Red flags pop up as sub-Saharan Africa reels from huge debt burden

Sunday October 16 2022

East African countries are facing an immediate risk of defaulting on their loans in the coming months. PHOTO | FILE


East African countries are facing an immediate risk of defaulting on their loans in the coming months due to a combination of rising debt servicing costs, more borrowing, rising costs of imports and higher inflationary pressures associated with the continued appreciation of the dollar.

And this may undermine prospects of a full economic recovery from the pandemic as economic growth slows due to worldwide slowdown, tighter global financial conditions, and volatile commodity prices that spill into the region still struggling from the fall out of the pandemic according to forecasts by the International Monetary Fund.

“Too many low-income countries are in or near debt distress. Progress toward orderly debt restructurings through the G20 common framework for the most affected is urgently needed to avert a wave of sovereign debt crisis. Time may soon run out,” said Pierre Olivier Gourinchas, IMF’s Chief Economist, while releasing the Global Economic Outlook Report.

The IMF warned of a growing risk that the global economy will slide into a recession next year as growth is projected to slow down to 2.7 percent, down from 3.2 percent in 2022, the lowest projection since 2001.

Weak position

In sub-Saharan Africa, growth is expected to slow sharply this year to 3.6 percent and is expected to remain subdued at 3.7 percent in 2023.


Now, the challenge facing the region’s economic managers is how to navigate a gloomy global economy and minimise shocks on their economies.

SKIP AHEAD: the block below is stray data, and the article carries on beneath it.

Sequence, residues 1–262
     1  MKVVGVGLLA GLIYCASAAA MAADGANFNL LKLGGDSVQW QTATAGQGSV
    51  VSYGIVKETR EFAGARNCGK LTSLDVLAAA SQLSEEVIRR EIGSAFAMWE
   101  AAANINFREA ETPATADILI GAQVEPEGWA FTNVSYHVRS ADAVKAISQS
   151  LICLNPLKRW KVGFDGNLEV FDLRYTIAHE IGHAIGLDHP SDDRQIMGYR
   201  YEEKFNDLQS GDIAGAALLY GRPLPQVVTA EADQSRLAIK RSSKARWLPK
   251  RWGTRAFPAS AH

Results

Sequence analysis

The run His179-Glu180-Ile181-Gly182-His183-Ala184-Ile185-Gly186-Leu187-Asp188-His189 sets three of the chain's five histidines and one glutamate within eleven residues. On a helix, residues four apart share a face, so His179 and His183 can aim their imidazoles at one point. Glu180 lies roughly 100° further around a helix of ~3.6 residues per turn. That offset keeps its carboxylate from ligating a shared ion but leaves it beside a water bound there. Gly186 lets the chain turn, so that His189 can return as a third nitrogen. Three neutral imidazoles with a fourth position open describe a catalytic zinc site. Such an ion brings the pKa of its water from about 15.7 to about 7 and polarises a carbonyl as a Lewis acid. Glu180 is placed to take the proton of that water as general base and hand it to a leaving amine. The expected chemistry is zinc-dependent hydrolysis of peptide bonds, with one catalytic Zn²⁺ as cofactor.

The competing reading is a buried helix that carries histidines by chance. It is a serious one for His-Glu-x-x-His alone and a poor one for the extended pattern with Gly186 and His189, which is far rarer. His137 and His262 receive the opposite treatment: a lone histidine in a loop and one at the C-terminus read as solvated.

Debt levels across the region rose sharply over the past decade and exacerbated during the Covid-19 pandemic as countries borrowed heavily to contain it.

Rwanda whose debt stock has risen sharply to 78.3 percent of GDP in 2021 up from a pre-pandemic figure of 60.7 percent of GDP in 2019 is now expected to spend at least 14.5 percent of its export earnings to pay debt, up from approximately 12.6 percent in 2019.

But it is expected to spend even more in 2023 — rising to 30 percent of GDP when the country is expected to make its repayment of its $400 million Eurobond issued in 2013.

“We don’t have any issues that puts Rwanda in a weak position in relation to serving its external debt because more than 80 percent of our debt is concessional making it easy to handle going forward…” said John Rwangombwa, Governor, National Bank of Rwanda.

Kenya’s total public debt by July this year stood at Ksh8.61 trillion ($71.75 billion), accounting for 68.1 per cent of the gross domestic product (GDP), according to data from the National Treasury.

As of July, Kenya’s proportion of debt owed to multilaterals stood at 46 percent, followed by bilateral (25 percent), International Sovereign Bond (20 percent), commercial banks (6 percent), and Guaranteed debt (3 percent).

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- Additional report by James Anyanzwa